Of Namings and Essays


Gaston (Photo credit: Max xx) — Not this Gaston, who is a cat, and has nothing to do with my article. But yay cats!

There is much going our family these last two weeks dealing with naming.  First, my partner began settling into the idea that this baby (I’m at 17 weeks) is happening, and we began making serious lists of names, none of which we seem to really agree upon (“No, we’re not naming him Gaston.  What don’t you like about Caelan?  Well, I’ve already decided, if it’s a girl, which I don’t think it is, we’re naming her Calpurnia Elizabeth,” and so on).  Second, a conversation with another homeschooled student led to a the naming of groups of youth, generally based on sex or gender, for which I’ve written a longer post on LiveJournal detailing said names and linking them to a feminist article I’d read just prior to the conversation, which sent off all sorts of triggers for me.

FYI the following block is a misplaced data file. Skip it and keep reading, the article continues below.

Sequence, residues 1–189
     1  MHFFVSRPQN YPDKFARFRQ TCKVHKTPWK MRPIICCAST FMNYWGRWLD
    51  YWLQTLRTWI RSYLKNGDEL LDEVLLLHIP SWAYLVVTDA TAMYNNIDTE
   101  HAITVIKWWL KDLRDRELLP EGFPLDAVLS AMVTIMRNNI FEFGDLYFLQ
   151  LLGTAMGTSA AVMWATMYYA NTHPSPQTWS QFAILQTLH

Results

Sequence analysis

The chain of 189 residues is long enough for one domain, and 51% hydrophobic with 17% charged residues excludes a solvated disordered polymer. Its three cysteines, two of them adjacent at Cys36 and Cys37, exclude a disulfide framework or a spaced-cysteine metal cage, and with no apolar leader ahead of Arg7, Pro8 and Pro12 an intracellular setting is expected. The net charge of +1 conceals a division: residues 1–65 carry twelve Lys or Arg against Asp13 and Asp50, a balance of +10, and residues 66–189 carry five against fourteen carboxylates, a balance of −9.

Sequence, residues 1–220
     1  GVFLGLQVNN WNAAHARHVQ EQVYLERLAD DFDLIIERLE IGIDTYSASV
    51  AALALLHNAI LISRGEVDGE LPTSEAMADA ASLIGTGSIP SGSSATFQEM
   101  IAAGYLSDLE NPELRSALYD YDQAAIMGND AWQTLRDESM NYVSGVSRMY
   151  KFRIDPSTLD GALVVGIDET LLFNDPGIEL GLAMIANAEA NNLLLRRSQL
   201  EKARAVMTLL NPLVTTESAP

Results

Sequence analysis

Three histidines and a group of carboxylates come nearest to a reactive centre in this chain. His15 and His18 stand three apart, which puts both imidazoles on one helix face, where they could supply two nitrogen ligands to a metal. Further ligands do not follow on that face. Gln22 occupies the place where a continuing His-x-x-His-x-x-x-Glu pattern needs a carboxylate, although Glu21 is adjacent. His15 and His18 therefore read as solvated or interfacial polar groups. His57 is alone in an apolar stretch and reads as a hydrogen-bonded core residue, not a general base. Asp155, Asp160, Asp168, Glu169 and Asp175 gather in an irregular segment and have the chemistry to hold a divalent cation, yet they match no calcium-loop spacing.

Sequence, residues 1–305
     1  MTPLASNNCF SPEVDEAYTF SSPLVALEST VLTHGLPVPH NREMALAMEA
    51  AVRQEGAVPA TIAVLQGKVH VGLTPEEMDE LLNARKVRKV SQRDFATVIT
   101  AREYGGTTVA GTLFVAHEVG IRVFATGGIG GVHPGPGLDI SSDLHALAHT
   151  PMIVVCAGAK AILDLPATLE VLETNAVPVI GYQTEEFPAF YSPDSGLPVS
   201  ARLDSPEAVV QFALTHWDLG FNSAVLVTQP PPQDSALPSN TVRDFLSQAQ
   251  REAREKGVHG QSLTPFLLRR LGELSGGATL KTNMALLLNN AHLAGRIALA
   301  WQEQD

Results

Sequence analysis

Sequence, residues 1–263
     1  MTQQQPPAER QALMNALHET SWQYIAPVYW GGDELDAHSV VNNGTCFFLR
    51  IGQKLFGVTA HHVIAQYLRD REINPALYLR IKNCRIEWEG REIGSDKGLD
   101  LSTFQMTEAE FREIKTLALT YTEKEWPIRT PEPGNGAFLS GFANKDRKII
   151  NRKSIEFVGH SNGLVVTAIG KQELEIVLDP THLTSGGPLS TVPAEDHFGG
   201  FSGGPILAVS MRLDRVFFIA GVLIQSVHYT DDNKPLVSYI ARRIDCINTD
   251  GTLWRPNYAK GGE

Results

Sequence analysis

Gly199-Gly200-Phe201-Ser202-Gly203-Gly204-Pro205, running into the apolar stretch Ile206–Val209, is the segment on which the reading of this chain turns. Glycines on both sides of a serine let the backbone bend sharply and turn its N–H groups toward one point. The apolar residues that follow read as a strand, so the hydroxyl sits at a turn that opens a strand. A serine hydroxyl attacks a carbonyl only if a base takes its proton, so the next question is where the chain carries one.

And it’s this article that makes me come to you, dear readers, for suggestions.  If you’ve been reading long, then you know we’re on our third year of the experiment of “Reading Selections” with my daughter and my friend’s eldest son.  This year, I’m having them focus more on argumentative essays and their analysis than short stories or poetry as I usually do.  While I have a couple of modern articles like the one above lined up, they’re primarily dealing with women and misogyny.  What I’m seeking are one or two strong arguments about the societal prejudice of adolescent males, somewhat along the same lines as the 12-year-old girl article.  Thus far, I’ve only found a story-like essay dealing with the Trayvon Martin tragedy and the perception of young men, especially of color.  So, please, if you have strong argumentative essays dealing with the common ways in which young men are perceived by society and/or authority figures, I’d love to read them.  Thanks!


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